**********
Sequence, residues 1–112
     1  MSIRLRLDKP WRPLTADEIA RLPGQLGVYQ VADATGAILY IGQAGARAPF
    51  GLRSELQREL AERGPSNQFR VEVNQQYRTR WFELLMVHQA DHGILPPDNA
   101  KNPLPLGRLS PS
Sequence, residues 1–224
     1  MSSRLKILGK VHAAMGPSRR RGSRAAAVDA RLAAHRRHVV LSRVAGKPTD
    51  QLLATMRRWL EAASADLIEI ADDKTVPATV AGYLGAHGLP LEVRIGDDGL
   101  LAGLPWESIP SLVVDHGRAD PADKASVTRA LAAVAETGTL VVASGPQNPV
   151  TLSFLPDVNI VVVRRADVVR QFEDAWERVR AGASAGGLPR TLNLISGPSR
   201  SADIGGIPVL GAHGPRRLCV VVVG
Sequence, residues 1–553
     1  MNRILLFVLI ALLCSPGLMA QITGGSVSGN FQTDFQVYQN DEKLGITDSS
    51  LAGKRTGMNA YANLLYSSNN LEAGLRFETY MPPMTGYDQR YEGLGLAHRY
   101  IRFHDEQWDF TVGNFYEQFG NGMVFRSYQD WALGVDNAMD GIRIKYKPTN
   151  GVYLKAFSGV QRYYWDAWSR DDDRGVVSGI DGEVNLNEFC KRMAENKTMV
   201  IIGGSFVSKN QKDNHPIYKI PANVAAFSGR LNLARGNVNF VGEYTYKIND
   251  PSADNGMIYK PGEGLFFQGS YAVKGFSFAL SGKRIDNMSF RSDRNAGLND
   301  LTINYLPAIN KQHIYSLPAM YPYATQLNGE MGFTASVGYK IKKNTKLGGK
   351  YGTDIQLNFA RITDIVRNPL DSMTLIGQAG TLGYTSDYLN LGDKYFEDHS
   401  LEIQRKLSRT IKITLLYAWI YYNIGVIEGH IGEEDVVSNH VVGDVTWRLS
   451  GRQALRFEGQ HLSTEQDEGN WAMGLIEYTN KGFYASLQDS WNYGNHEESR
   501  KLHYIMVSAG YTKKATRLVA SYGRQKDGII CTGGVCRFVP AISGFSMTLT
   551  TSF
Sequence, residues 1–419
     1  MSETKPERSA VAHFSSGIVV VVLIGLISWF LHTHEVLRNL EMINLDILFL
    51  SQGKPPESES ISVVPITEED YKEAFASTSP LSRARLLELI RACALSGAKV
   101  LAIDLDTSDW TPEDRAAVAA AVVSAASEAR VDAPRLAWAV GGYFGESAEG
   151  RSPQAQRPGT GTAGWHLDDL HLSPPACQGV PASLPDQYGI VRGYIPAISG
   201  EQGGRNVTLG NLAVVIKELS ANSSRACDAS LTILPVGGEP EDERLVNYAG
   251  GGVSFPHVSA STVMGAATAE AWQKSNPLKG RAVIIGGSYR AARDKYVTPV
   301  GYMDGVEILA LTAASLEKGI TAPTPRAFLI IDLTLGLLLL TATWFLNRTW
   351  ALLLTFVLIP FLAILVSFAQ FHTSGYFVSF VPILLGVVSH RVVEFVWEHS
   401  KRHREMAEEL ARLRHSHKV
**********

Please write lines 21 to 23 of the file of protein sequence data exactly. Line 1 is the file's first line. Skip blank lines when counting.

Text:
   451  GRQALRFEGQ HLSTEQDEGN WAMGLIEYTN KGFYASLQDS WNYGNHEESR
   501  KLHYIMVSAG YTKKATRLVA SYGRQKDGII CTGGVCRFVP AISGFSMTLT
   551  TSF